On one of my morning walks in New York I had wandered up Broadway to the Building and looked into its windows, where were visible a number of great presses in full operation, much larger than any I had seen in the West, and my brother had recalled to me the fact that James Gordon Bennett, owner and editor of the Herald, had once commissioned Henry M. Stanley, at that time a reporter on the paper, to go to Africa to find Livingstone. And my good brother, who romanticized all things, my supposed abilities and possibilities included, was inclined to think that if I came to New York some such great thing might happen to me.
On another day I went to Printing House Square, where I stared at the Sun and World and Times and Tribune buildings, all facing City Hall Park, sighing for the opportunities that they represented. But I did not act. Something about them overawed me, especially the World, the editor of which had begun his career in St. Louis years before. Compared with the Western papers with which I had been connected, all New York papers seemed huge, the tasks they represented editorially and reportorially much more difficult. True, a brother of a famous with whom I had worked in St. Louis had come East and connected himself with the World, and I might have called upon him and spied out the land. He had himself with a most favorable record in the West, as had I, only I did not look upon mine as so favorable somehow. Again, a city editor once of St. Louis was now here, city editor of one of the city’s great papers, the Recorder, and another man, a Sunday editor of Pittsburgh, had become the Sunday editor of the Press here. But these appeared to me to be exceptional cases. I reconnoitered these large and in the main rather dull institutions with the eye of one who seeks to take a . The editorial pages of all of these papers, as I had noticed in the West, with and remarks about that region, and their voices representing great circulation and wealth gave them amazing weight in my eyes. Although I knew what I knew about the of newspapers to financial interests, their rat-like fear of religionists and moralists, their betrayal of the ordinary man at every point at which he could possibly be betrayed yet still having the power, by weight of lies and and make-believe, to stir him up to his own and destruction, I was frightened by this very power, which in subsequent years I have come to look upon as the most deadly anD forceful of all in nature: the power to masquerade and by.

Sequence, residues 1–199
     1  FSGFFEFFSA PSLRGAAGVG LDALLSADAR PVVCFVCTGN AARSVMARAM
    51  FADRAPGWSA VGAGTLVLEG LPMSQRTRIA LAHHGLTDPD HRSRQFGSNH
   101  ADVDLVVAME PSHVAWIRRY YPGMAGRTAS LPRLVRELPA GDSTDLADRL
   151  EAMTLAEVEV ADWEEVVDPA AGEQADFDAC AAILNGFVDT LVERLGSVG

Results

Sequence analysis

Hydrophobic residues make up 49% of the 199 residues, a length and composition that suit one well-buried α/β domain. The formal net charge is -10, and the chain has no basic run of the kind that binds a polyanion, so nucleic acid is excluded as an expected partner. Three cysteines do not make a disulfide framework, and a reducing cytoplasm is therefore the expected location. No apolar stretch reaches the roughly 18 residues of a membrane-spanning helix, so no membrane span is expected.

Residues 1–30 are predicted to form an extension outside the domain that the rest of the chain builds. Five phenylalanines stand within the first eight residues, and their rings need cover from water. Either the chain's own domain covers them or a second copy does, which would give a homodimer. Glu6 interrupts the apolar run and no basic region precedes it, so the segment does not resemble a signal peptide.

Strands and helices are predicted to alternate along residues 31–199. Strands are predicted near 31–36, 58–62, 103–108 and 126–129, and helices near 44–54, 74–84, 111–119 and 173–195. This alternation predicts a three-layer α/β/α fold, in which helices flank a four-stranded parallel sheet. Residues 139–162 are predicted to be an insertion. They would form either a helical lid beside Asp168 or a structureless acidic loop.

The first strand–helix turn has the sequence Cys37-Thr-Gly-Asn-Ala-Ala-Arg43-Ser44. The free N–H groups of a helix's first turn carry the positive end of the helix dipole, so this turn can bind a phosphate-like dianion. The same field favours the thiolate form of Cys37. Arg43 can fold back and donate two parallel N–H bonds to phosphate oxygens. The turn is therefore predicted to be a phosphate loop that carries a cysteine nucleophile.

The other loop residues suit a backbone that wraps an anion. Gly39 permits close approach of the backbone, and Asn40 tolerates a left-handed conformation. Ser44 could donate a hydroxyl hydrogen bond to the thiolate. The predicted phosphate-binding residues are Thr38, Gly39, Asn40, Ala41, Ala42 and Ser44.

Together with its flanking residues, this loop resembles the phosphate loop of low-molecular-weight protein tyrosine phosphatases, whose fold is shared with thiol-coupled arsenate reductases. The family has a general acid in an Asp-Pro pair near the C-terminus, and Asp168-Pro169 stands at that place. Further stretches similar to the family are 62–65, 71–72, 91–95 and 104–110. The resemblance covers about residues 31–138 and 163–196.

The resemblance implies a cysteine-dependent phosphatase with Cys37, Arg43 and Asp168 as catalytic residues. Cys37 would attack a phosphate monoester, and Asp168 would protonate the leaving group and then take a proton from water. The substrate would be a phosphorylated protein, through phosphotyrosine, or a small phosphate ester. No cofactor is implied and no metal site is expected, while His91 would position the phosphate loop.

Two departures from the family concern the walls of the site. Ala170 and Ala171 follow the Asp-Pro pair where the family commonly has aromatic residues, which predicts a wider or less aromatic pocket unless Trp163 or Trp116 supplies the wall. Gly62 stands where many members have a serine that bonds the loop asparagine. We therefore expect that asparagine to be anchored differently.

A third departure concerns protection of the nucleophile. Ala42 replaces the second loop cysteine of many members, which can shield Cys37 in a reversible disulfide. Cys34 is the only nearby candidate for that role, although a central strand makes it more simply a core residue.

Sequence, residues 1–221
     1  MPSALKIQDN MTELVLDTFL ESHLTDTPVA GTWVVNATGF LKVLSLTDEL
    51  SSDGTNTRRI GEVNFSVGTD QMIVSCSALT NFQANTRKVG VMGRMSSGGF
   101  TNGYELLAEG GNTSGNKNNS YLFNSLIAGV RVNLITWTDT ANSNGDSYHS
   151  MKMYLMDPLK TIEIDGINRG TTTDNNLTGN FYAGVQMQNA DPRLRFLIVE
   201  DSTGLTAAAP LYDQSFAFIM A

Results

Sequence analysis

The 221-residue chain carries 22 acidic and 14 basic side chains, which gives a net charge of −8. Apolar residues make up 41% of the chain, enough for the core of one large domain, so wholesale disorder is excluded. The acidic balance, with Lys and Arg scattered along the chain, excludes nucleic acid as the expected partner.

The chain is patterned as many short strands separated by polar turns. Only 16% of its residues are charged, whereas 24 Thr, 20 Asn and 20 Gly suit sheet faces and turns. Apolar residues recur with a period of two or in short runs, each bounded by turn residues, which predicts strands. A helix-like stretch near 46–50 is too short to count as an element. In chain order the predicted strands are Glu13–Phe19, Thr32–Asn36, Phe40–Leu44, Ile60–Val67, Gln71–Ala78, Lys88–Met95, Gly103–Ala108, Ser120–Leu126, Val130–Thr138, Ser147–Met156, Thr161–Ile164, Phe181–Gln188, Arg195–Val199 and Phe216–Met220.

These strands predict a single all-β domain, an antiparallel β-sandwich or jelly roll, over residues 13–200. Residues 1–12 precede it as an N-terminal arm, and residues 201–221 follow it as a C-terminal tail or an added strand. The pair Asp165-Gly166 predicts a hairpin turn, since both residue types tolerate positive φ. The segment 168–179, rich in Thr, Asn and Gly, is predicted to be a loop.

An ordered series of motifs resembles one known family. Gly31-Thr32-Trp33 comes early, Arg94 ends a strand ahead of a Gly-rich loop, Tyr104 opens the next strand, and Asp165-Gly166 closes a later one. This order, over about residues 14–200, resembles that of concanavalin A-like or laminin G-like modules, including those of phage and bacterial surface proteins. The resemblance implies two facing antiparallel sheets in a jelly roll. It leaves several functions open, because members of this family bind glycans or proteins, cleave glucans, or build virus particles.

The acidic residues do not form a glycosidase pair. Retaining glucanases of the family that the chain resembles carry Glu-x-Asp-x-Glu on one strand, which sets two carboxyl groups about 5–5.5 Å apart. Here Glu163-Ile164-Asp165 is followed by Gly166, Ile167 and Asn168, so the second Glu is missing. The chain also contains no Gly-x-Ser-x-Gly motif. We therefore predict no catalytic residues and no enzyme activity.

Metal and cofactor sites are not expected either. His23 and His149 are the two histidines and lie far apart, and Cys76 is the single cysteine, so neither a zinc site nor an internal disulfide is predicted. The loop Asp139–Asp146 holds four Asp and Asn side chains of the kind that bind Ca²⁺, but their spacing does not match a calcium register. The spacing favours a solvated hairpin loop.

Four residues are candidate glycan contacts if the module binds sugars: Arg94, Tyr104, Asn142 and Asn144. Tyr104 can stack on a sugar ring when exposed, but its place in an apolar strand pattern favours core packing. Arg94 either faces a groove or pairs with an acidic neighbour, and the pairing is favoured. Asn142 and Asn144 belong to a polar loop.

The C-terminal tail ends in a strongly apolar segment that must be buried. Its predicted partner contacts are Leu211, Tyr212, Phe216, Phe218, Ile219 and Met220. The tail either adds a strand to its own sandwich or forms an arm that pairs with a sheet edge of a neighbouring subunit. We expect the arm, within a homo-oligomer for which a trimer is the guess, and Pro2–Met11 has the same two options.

There was about these papers an air of assurance and righteousness and authority and superiority which overawed and frightened me. To work on the Sun, the Herald, the World! How many , from how many angles of our national life, were constantly and hopefully eyeing them from the very same sidewalks or benches in City Hall Park, as the ultimate solution of all their literary, commercial, social, political problems and ambitions. The thousands of pipe-smoking collegians who have essayed the Sun alone, the scullion Danas, Greeleys and ............